Vermentino is widely grown throughout Italy, in particular in Liguria, Tuscany and Sardinia, and is also found in southern France and Corsica. Indeed, it is thanks to Vermentino that Sardinia has its only DOCG appellation, in the form of Vermentino di Gallura. This late-ripening grape is much loved by winemakers for its good levels of resistance against drought and disease, and so it comes as no surprise that Vermentino has more recently become popular among growers further afield, in Australia, California and Texas for example. It also grows well in a relatively wide range of soils, including limestone and volcanic, but is most at home by the sea, in scrubland, from whence it gleans its characteristic herbaceousness and minerality. Versatile and easy on the wallet, thanks to the fact that a lot of this wine is in fact produced by local cooperatives, Vermentino is also a firm favourite among sommeliers, who tend to find it quickly gains a following among those they introduce it to.

What are the characteristics of Vermentino wine? Often marketed as appealing to lovers of Sauvignon Blanc, Albariño, Soave and Verdejo, Vermentino is a light-bodied white wine, yet possesses a complexity which will keep you coming back for more. On the nose, we might typically be greeted by notes of rosemary and thyme, alongside zesty citrus and pear. On the palate, we encounter its stony, saline nature, perhaps with a bit of grapefruit, apple and almond. The finish is often described as ‘green’, or slightly zingy: Vermentino has a high phenolic content, lending the aftertaste of this wine a certain characteristic bitterness. Of course, the final expression of any wine variety depends greatly on its terroir, and Vermentino is no exception. Whereas Vermentino from Liguria often has a fresh and elegant style, Tuscan versions tend to be riper, and more on the floral side, whilst Sardinian Vermentino is unrivalled in its salinity and structure, producing fuller-bodied wines. Why not try Costa Toscana Vermentino IGT 2020 from Tenuta le Colonne? Produced from grapes grown just 40 metres above sea level on predominantly sandy terrain, this wine exemplifies Vermentino’s appeal to the full, with its fruity nose, and citrus and herby flavours.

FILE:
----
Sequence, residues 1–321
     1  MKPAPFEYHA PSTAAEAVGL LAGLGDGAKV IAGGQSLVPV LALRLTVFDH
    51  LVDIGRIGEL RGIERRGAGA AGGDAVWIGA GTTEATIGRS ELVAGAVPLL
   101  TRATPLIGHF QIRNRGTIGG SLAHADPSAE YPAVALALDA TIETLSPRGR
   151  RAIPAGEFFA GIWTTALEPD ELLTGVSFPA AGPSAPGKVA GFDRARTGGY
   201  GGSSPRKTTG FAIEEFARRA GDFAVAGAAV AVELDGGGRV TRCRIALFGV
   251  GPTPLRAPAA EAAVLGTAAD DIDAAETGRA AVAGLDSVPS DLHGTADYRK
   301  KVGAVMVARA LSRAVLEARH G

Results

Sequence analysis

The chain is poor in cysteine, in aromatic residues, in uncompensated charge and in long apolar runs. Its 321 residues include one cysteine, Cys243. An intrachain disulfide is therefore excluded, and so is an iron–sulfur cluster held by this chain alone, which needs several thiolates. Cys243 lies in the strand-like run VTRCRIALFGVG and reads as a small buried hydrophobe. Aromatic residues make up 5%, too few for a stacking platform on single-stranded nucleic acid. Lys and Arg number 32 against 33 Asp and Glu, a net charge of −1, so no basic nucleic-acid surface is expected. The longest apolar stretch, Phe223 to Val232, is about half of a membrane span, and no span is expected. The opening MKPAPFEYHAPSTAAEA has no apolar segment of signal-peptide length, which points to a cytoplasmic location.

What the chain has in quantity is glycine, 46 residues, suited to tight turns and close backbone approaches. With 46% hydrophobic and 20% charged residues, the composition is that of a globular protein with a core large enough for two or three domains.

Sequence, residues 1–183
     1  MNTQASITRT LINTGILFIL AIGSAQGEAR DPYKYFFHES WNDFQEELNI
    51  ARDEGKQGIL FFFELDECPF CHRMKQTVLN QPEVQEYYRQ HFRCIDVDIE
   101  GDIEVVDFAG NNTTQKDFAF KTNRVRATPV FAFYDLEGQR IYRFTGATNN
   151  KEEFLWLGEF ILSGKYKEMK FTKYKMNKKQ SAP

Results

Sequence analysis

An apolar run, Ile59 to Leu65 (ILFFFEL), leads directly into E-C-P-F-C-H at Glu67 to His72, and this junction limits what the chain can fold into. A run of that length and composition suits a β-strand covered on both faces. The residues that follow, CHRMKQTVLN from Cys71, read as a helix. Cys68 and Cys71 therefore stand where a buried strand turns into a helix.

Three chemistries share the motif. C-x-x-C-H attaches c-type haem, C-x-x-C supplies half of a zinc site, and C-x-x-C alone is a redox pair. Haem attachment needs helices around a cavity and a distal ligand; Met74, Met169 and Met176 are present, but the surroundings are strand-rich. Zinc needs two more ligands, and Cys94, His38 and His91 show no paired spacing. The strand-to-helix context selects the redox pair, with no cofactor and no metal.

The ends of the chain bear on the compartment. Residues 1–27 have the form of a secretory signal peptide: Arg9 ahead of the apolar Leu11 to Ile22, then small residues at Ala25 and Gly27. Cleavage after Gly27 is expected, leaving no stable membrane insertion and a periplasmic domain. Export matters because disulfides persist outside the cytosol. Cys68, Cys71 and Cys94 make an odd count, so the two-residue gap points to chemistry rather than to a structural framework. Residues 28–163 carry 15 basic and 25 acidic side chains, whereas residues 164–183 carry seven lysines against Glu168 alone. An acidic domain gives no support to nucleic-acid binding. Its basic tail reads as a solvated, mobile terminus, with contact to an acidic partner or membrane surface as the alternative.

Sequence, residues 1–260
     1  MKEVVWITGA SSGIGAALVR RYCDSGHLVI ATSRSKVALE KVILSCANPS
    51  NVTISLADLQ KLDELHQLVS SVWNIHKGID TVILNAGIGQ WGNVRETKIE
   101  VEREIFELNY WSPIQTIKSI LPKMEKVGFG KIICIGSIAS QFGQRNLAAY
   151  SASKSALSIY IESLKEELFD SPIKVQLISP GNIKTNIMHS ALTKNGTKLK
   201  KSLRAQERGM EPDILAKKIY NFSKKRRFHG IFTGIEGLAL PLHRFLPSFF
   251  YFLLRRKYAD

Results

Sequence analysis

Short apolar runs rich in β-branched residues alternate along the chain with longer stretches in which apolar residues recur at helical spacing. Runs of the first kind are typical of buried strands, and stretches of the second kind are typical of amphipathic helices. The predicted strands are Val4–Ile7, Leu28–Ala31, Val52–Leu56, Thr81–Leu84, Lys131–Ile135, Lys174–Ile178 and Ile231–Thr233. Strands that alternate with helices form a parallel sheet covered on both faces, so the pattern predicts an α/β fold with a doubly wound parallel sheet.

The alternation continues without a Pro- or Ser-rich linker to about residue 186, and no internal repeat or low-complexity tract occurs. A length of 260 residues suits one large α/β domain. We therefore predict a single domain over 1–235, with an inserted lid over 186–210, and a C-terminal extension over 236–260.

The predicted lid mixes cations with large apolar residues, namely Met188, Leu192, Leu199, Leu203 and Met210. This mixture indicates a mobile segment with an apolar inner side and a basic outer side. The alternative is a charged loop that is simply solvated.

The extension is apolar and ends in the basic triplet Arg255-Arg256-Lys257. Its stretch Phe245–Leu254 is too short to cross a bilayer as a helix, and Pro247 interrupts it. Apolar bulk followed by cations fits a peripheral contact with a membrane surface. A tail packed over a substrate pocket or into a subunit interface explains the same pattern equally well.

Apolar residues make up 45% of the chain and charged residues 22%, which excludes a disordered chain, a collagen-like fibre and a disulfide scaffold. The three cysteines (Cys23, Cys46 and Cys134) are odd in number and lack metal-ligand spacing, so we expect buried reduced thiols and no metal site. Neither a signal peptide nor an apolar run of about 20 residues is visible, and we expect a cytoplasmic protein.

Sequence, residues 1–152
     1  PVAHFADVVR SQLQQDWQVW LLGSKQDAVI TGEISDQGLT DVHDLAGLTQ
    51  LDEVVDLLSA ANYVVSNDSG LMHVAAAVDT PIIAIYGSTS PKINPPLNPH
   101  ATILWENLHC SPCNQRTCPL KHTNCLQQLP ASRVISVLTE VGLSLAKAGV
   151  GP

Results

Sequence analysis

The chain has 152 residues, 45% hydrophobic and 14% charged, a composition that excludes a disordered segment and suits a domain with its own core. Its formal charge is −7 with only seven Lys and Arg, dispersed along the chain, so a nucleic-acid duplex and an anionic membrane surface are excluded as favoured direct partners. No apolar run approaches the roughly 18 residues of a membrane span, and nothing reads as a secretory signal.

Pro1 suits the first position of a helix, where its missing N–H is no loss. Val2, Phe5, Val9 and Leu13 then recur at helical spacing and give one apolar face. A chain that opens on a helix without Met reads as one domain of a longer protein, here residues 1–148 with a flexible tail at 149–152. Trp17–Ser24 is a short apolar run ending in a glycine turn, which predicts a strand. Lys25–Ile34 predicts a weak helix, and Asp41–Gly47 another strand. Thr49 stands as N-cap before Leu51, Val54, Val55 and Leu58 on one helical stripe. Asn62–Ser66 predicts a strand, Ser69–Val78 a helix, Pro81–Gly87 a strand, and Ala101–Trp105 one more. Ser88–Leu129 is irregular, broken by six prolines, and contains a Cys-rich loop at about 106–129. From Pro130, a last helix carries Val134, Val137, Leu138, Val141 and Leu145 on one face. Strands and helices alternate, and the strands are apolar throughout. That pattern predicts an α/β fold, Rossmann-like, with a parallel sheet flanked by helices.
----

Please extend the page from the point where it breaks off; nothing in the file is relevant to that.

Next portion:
Within the Sardinian Vermentino di Gallura DOCG on the other hand, we can find a ‘Superiore’ version, suitable for keeping over several years; a ‘Vendemmia Tardiva’, offering the greater depth and more concentrated flavours to be expected of late harvesting; a ‘Passito’ dessert wine made from dried Vermentino grapes; and, last but certainly not least, a delectable Vermentino sparkling wine. To discover this special DOCG for yourself, try Sella & Mosca’s Vermentino di Gallura Superiore – made from 100% Vermentino grapes.

Which foods are best enjoyed with Vermentino? Vermentino is an immensely versatile wine, just as at home accompanying your casual after-work aperitifs as it is on a more formal dinner table. Its dream pairing is with the fruits of the sea: think seafood risotto, grilled squid or barbecued octopus for example. However, its herbaceous nature also makes it a good match for slightly richer dishes that make good use of herbs and spices. It loves most vegetarian cuisine but would also work well with a pork and fennel sausage, or chicken with Provençal herbs.

We’re certain you’re going to love this delicious Italian white wine – why not pick up a few extra bottles and introduce some friends to it too?

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